For a student, the onset of childhood myopia can be a frustrating and confusing experience. Squinting to see the blackboard, difficulty concentrating and a decrease in participation in class are all classic signs that a child is experiencing nearsightedness. Once properly diagnosed with myopia and fitted with corrective lenses, the difference in the child’s performance in school and their general happiness is very noticeable.
An abnormal oblong shape to the eye does not allow light to refract as it should. Myopia occurs when blurred images are transmitted to the brain when the cornea and lens overly bend the light coming into the eye, causing a refractive error in the retina. Genetics play a role, but environmental influences such as close computer work, using lighted instruments such as lasers and general eye strain are contributing factors. Other outside influences or health issues can cause episodes of nearsightedness that are not diagnosed as myopia. Night myopia occurs when dim lighting changes the eyes ability to focus in dark conditions. Diabetes can cause nearsightedness as one of the first signs that cataracts are forming in the eye. People who perform up close work can sometimes experience a temporary nearsightedness that corrects itself once the eyes are rested.
The occurrence of myopia is highest in school age children and young adults, and is the world’s most common eye dysfunction. The condition is most often diagnosed, by an ophthalmologist or optometrist, after a teacher realizes a student is having difficulty reading the blackboard and is starting to struggle with schoolwork. Studies around the world indicate that in the last several generations, the cases of nearsightedness have increased especially among school-aged children. While familial inheritance of the disease has been proven to increase the likelihood of myopia, outside aspects such as close reading work have greatly contributed to the number of those affected in recent generations. The exact nature of how environmental issues and inheritance combine to produce myopia remains unknown.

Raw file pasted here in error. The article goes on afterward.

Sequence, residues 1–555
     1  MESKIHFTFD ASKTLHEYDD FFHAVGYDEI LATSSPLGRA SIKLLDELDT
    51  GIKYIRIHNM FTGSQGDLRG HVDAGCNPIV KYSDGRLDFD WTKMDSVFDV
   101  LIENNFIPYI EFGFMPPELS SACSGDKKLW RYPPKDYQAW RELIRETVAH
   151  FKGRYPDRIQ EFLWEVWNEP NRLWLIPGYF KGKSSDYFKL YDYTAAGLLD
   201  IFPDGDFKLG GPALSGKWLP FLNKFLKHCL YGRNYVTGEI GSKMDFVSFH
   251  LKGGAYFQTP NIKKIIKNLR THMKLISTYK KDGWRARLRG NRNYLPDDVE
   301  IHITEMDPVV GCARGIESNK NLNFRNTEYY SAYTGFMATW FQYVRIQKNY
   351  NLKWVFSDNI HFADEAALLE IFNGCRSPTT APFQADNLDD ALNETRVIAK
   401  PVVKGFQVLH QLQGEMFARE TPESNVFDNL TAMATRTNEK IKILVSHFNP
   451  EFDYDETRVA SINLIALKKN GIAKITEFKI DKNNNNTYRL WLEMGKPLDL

There are a certain number of people affected with nearsightedness, who can benefit from one of three different surgeries to correct the refraction in the eye. The repair improves the focus of the light rays on the retina by reshaping the cornea. Well known LASIK surgery, radial keratotomy and photorefractive keratectomy are all done as outpatient surgery, on those whose condition warrants surgical intervention. For others, corrective lenses and eye glasses are the myopic treatment of choice. No preventatives exist for myopia, but the treatment options allow the person with nearsightedness to once again see clearly into the distance.
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